Last fall, I had the supreme honor of entering into a small group focused on discovering our passions. Five extraordinarily talented and beautiful ladies allowed me to gather with them over a period of 6 months to pursue God’s plan for our giftedness. Our simple desire was to serve God with the gift he had bestowed upon us. As we listened to each other’s passion we also discovered deep wounds and heart wrenching trials. As we brought each other before the Lord, a sense of peace developed in each of our hearts for what the Lord might chose to do in our lives; whether or not our giftedness was involved. Only one lady appeared to walk away with a clear “call.”
Today’s chapter in Because He Loves Me is entitled “Gospel-centered Relationships.” The church as family is described as “communal relationship.” “The New Testament church, in part because of the great persecution she faced and in part because of the familial nature of the culture, was a tightly knit family in relationship. They thought of themselves as family, as fathers and mothers, brothers and sisters, living life together. In fact, the relationships they had with their Christian brothers and sisters were frequently more meaningful and binding that the ones they had with their biological families. They had a new identity, an identity defined by a common adoption. They frequently lived together or sacrificially shared their material goods, because so many had been cut off from jobs, homes, inheritances. Although it was extremely difficult for them, they knew that this was the way congregational life was to be lived out: in close, deep, biblical relationship. It is also the way that our congregational life is meant to be lived today, even though most of us aren’t suffering in the ways they were.”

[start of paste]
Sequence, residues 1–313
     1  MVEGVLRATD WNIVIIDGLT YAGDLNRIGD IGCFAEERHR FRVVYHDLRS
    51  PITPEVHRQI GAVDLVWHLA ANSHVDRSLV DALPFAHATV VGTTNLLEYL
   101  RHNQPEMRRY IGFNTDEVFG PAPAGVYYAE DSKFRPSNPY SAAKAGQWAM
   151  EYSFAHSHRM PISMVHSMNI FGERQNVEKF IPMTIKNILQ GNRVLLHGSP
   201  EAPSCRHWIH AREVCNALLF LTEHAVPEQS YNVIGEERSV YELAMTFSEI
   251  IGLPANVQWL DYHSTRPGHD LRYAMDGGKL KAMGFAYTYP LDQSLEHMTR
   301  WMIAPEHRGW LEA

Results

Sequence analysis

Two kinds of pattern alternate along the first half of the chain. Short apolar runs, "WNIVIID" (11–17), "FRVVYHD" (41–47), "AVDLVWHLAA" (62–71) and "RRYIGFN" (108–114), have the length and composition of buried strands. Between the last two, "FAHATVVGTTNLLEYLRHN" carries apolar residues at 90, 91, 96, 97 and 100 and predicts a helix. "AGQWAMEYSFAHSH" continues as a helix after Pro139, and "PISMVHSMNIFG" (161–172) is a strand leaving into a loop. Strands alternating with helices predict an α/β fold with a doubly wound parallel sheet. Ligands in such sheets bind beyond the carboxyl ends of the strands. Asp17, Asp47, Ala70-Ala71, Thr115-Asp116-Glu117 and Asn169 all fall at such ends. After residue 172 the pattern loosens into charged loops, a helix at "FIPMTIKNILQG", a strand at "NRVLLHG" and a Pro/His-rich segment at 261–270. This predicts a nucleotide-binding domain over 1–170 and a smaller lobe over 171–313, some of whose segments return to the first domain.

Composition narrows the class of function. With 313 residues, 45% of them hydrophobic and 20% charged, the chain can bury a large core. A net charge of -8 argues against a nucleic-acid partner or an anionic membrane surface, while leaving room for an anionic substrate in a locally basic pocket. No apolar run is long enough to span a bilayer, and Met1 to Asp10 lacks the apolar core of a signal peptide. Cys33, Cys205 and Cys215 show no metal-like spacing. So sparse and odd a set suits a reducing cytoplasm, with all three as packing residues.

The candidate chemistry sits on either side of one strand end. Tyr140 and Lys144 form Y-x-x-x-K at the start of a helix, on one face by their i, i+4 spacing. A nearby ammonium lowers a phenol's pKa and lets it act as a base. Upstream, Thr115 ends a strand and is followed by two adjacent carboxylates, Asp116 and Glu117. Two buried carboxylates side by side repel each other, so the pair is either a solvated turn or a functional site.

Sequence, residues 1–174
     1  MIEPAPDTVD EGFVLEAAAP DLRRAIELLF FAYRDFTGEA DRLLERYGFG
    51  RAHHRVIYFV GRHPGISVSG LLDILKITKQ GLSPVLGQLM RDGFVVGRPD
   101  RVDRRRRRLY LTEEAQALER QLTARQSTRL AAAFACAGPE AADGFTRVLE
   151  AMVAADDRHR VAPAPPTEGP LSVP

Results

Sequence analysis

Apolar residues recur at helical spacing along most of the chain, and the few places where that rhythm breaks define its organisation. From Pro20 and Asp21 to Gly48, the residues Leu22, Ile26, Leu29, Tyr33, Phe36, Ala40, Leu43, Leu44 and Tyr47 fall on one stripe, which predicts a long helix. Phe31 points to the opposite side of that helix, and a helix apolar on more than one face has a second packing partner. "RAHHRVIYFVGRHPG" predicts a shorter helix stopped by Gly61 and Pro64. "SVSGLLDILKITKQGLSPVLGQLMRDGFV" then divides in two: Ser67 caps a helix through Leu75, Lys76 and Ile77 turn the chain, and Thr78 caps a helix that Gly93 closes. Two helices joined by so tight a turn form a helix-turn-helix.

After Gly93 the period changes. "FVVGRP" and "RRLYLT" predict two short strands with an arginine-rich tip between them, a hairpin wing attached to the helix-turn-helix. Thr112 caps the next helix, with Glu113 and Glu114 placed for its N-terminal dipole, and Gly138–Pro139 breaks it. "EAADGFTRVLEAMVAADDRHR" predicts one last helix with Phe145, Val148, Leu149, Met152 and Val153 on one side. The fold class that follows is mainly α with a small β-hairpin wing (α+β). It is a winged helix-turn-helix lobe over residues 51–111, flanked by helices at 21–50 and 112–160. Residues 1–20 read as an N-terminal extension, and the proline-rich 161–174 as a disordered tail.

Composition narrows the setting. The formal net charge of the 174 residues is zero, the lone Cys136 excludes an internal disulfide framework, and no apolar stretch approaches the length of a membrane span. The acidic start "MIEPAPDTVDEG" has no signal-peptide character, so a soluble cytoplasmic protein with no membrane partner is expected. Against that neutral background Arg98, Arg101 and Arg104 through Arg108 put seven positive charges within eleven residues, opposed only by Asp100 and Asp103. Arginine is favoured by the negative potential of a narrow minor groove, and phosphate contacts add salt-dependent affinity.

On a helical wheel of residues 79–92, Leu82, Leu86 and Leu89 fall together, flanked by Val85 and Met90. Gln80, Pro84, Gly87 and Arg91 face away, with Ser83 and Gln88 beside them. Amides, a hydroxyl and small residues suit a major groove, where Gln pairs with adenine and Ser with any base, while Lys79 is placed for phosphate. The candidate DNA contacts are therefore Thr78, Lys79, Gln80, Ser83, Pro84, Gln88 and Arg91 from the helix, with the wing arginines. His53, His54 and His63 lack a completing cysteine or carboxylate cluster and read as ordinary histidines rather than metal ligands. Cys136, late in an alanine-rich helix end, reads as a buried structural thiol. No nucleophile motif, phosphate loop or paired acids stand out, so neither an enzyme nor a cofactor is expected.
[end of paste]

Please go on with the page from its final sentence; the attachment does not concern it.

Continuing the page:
Ms. Fitzpatrick is describing the Acts 2 church, the one that many of us desire to be a member of. Yet she goes on to say that this New Testament church is practically nonexistent. Though numerous groups of people meet for the purpose of deeper community and meaningful spiritual growth, “depth of biblical fellowship [is] way beyond their normal practice.”
So what is missing? If our hearts are inclined toward strong Biblical community and authentic personal change, what could possibly be deficient?
“We grow when each part is ‘working properly’….using the gifts of wisdom, insight, encouragement, confrontation, comfort, or prayer that he has supplied by his Spirit. Maturity in Christ does not occur because we attend Bible studies. Maturity in Christ occurs when, by the Spirit and in God’s grace, our brothers and sisters take biblical truth and apply it lovingly, patiently, boldly to our hearts.” (emphasis mine)
The “call” that my friend accepted from the Lord during our passion pursuit has turned out to be much different than the one she actually received. The day I learned of Tigger’s cancer, I also learned of hers. If ever there was an example for what Ms. Fitzpatrick describes above it must be contained in my friend’s words. She is, in fact, applying biblical truth to her situation, and continues to inspire me in her pursuit to
“get the truth of God’s word to people who don’t know it….
Pray with me and for me that God will accomplish every one of His good purposes for the cancer in my body. Pray that I will not fail to submit without complaint or rebellion to every part of this journey. He is altogether worthy of my explicit trust, obedience and allegiance. He has been unbelievably merciful and good to me every day of my life. He has never allowed any calamity that He did not use to enrich my life and make me more like Christ and more fit for eternal life in His kingdom.” MLJ